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California Proposition 3, the Closed Primaries Act (1998)

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California Proposition 3, also known as the Save the Presidential Primary Act of 1998, was on the November 3, 1998 election ballot in California as a legislatively-referred state statute, where it was defeated.

Proposition 3 said that only voters who belong to political parties can vote for President in primary elections, and they must vote for President in their own party. Independent voters would not, under the terms of Proposition 3, have been allowed to vote for any presidential candidate in the primary election.

Election results

Proposition 3
ResultVotesPercentage
Defeatedd No3,995,66853.84%
Yes 3,425,341 42.16%

Of voters who cast a vote in this election, 1,200,112 or 13.92% did not cast a vote on Proposition 3.

Title

The ballot title was:

Partisan Presidential Primary Elections. Legislative Initiative Amendment.

Summary

Proposition 3.PNG

The official ballot summary said:

Changes existing open primary law to require closed, partisan primary for purposes of selecting delegates to national political party presidential nominating conventions. Limits voting for such delegates to voters registered by political party. Provides partisan ballots to be voted only by members of the particular party.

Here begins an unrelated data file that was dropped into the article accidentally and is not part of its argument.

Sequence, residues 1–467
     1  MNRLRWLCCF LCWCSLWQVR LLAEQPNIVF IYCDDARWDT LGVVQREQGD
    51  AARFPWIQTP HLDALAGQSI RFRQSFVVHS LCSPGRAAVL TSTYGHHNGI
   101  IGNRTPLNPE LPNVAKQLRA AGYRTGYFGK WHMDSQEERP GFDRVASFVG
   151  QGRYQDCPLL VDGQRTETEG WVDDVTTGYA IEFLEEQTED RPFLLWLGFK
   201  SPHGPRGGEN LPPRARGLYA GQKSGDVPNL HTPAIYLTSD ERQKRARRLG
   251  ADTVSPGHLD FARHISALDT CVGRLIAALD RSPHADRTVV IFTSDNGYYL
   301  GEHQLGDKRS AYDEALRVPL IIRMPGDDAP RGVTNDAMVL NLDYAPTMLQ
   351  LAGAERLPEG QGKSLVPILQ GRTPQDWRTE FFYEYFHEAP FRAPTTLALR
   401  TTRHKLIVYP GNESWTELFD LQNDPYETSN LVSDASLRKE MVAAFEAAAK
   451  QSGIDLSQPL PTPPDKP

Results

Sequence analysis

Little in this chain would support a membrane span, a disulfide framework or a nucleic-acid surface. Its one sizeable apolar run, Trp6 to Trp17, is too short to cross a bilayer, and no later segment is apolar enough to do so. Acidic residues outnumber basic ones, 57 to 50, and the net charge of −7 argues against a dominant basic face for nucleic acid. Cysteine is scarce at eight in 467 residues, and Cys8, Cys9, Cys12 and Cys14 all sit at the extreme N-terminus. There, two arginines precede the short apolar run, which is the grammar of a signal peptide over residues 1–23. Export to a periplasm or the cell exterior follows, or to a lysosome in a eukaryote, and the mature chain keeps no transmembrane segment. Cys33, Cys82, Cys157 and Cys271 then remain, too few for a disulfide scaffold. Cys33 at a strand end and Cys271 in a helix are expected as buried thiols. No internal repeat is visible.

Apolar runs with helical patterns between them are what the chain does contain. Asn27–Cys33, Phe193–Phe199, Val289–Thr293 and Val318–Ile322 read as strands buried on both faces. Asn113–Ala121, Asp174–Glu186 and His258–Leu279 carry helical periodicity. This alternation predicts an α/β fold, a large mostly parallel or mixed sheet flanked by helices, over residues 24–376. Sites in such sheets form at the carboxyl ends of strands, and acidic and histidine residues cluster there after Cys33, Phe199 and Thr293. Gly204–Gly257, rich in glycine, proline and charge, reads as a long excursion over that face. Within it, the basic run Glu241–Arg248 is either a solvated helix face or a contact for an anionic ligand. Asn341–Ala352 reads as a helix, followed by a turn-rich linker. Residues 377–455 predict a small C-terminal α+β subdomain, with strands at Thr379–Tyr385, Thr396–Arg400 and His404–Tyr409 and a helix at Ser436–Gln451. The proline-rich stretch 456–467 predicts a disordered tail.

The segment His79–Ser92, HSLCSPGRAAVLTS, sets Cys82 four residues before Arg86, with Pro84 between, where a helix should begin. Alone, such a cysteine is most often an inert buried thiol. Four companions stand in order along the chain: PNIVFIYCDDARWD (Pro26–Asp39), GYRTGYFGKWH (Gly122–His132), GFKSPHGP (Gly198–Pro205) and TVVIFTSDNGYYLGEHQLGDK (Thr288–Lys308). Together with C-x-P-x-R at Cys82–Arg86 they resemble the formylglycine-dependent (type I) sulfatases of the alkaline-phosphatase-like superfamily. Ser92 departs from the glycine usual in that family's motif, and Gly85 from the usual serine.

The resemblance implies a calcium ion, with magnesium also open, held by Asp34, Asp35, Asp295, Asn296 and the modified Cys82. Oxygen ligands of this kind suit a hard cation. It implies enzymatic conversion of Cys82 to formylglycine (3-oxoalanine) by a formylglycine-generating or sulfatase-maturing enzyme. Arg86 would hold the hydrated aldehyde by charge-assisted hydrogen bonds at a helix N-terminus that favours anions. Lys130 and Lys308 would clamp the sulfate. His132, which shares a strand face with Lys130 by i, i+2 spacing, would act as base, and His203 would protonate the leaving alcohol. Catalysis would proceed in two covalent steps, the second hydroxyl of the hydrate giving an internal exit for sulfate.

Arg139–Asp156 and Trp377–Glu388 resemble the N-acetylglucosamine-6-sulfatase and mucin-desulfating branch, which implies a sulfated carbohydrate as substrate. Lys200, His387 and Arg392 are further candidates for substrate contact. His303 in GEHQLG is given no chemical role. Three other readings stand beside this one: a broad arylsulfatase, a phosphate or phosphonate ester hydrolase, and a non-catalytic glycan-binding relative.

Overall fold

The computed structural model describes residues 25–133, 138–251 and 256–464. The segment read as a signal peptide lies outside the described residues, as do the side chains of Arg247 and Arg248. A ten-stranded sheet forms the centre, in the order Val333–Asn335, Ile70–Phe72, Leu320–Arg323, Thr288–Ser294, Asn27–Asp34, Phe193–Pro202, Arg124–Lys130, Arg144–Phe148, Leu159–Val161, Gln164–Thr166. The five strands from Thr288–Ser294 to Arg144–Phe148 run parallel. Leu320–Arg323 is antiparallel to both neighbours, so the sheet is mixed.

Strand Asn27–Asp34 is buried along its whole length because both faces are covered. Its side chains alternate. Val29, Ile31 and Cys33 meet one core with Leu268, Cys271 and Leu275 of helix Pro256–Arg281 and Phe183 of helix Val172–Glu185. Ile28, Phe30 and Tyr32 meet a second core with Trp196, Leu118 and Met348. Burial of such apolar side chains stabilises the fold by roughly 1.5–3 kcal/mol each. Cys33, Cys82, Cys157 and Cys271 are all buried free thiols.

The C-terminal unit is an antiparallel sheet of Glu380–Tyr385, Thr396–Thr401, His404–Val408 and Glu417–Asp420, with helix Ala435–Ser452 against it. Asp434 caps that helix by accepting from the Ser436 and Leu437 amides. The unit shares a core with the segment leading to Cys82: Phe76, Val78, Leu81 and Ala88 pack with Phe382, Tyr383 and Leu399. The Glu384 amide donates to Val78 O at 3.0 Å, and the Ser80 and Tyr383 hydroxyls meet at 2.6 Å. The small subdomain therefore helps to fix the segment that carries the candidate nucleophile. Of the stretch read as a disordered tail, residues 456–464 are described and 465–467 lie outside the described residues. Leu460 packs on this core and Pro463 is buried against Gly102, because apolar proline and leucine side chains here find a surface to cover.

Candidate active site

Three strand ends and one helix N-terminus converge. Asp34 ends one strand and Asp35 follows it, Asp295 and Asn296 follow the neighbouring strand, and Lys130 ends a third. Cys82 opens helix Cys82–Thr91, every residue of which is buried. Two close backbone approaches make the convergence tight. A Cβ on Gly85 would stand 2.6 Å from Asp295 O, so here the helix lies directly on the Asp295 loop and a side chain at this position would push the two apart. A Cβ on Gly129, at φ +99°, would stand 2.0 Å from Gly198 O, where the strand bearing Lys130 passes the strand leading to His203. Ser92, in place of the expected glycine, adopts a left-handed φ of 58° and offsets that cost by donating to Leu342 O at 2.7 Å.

Fiscal impact

The California Legislative Analyst's Office provided an estimate of net state and local government fiscal impact for Proposition 1. That estimate was:

"Minor costs to state government."
"Minor costs to county governments statewide."

Campaign spending

No campaign contributions for or against Proposition 3 were reported to the California Secretary of State.

Path to the ballot

Proposition 3 was referred to the ballot through Senate Bill 1505 (Proposition 3).

Votes in legislature to refer to ballot
Chamber Ayes Noes
Assembly 52 12
Senate 28 0

See also

External links